Missoula's candidates for mayor revealed more about their platforms and goals for the office this week, and identified those working behind the scenes to help them win the highest job in municipal government.

At separate forums on Tuesday, Mayor John Engen and challenger Lisa Triepke rehashed many of the issues that have set them apart throughout the campaign, from building infrastructure to pursing the city's Zero Waste initiative.

Engen, who is seeking his fourth term in office, wants to address housing and continue what he describes as the city's economic growth. Triepke, who bills herself as a political newcomer, has based her campaign on cutting taxes and maintaining basic services.

“This race isn't about me – it's about all of us here in Missoula trying to make it a better place,” Triepke told members of the Missoula Downtown Association. “I've got a fantastic team that's helping me, and I think that's one of the things that's probably my biggest strong suits. I'm good at surrounding myself with people who are excellent in their field and can make smart, good decisions for the best of all.”

Triepke has routinely referred to “we” and “my team” throughout her campaign, and on Tuesday night at a forum hosted by Missoula Rises, she reiterated her team approach to the job as mayor.

“This job isn't about me,” she said. “It's about surrounding myself with quality people who can help lead and (make) team decisions. I think that's my biggest quality, is to surround myself with strong-minded people.”

So who are the people behind Engen and Triepke's run for office? And would those team members have a job in either candidate's administration if elected as mayor?

Engen said his campaign is a blend of paid individuals, including Melanie Brock of Brock Consulting and University of Montana political science major Mackenzie Lombardi. It also includes several interns and volunteers.

None of them, Engen said, would have a job in his administration if he's reelected to office.

“This isn't the White House and that's not the way the world works,” he said. “We have employees who have rights. Fortunately, over time, we've been able to assemble what I think is a pretty terrific team working for the city of Missoula. Those folks would continue to do the terrific job they're doing today.”


Triepke described her campaign as a grassroots effort that “kind of came out of nowhere with people that stepped up and believed in the need for change.”

Her team includes real estate agent Diane Beck, attorney John Velk, financial consultant Dave Peppenger, banking assistant Denise Moore and marketer Wes Spiker. Triepke said none have job titles within her campaign and each member enjoys “equal input on the decisions we make.”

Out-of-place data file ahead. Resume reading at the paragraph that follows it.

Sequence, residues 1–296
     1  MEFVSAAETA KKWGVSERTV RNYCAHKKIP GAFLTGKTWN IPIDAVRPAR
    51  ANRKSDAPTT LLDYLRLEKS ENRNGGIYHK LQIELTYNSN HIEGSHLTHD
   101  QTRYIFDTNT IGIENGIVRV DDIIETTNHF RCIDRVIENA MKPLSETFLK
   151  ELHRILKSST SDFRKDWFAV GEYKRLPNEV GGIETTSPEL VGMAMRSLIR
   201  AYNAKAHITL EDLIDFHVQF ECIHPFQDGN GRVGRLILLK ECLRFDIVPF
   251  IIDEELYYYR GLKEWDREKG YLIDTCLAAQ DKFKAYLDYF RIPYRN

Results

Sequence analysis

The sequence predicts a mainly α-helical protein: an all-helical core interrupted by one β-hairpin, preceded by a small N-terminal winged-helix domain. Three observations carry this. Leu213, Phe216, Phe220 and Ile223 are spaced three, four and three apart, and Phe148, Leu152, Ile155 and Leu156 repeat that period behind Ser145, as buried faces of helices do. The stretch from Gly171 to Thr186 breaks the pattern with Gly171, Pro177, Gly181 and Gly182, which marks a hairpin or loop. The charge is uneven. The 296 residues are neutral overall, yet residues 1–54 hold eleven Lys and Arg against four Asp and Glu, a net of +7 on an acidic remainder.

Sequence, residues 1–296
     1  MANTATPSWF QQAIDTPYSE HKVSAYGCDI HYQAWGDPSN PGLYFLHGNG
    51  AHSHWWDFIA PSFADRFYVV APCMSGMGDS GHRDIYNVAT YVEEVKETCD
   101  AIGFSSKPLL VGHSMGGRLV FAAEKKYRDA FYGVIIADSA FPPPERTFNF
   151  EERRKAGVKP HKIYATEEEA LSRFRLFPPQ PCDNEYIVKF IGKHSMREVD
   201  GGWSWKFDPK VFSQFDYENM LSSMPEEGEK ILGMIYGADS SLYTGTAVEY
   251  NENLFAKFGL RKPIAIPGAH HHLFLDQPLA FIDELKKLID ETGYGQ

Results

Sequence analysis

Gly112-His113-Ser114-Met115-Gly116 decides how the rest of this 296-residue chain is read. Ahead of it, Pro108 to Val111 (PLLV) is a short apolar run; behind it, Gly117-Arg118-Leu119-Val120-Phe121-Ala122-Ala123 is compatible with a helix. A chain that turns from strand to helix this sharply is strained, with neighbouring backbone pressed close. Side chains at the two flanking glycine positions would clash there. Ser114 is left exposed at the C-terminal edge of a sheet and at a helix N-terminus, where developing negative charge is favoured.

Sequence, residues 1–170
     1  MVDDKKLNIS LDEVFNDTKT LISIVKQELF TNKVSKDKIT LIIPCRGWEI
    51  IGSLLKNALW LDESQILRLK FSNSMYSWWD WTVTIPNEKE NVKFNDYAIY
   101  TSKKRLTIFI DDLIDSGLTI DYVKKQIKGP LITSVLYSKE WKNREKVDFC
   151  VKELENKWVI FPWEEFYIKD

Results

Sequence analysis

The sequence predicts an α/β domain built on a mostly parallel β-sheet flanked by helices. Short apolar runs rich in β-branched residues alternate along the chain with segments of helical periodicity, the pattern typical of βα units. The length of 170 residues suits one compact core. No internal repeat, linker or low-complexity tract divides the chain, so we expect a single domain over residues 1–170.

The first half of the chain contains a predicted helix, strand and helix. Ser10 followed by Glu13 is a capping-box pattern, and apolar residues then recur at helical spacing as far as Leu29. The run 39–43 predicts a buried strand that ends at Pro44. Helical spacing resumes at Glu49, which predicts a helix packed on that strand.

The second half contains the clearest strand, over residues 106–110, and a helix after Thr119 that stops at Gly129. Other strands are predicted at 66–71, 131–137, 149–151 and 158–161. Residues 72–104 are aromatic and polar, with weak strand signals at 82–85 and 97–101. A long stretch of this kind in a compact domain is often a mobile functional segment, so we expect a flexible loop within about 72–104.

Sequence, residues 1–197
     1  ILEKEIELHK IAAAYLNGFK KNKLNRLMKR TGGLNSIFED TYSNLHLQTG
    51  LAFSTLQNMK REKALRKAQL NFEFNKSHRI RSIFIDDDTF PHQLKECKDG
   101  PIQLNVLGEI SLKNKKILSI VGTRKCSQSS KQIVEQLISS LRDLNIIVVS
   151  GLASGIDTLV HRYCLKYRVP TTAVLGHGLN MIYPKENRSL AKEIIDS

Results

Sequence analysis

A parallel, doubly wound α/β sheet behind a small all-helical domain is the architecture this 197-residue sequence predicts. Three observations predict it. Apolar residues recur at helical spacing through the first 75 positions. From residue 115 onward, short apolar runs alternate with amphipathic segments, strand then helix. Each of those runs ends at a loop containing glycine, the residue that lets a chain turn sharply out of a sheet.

Beck considered running as mayor but doesn't live in the city limits.

“We've had no discussions, period, about any roles or anything past the election,” Triepke said. “We're so focused on winning the election and making progress there. Anything that comes after that starts getting focused on after Nov. 8.”

At Tuesday night's forum hosted by Missoula Rises, members encouraged the candidates to “talk beyond soundbites” on a range of issues, including the city's Zero Waste initiative, local development, infrastructure and city spending.

Triepke said that while she has not yet determined what she would cut from the budget, she maintained her stance that the city is overspending on a number of fronts. She suggested the roughly $54,000 earmarked for a bike-pedestrian coordinator could be better spent on other programs, and that the city spends too much on studies.

She also presented other cost-saving options.

“A lot of people don't know this, but Missoula has the highest number of city employees driving city cars,” Triepke said. “To me, that's an area where we can save money. For a city that's on a full path to bike friendly and pedestrian (friendly) and it has the highest number of people driving city cars, something doesn't add up there.”

Engen questioned Triepke's argument, saying he was not aware of an actual comparative analysis between cities on the number of employees driving city vehicles. Over the past five years, he said, the city of Missoula stopped allowing employees to take cars home.

“Most of what we spend money on is human beings that do the work that citizens expect and deserve every day,” Engen said. “That's where we spend most of our money and that's where we should appropriately be spending most of our money. I'll continue to be committed to ensure that we have folks on the ground to continue the work that needs to be done.”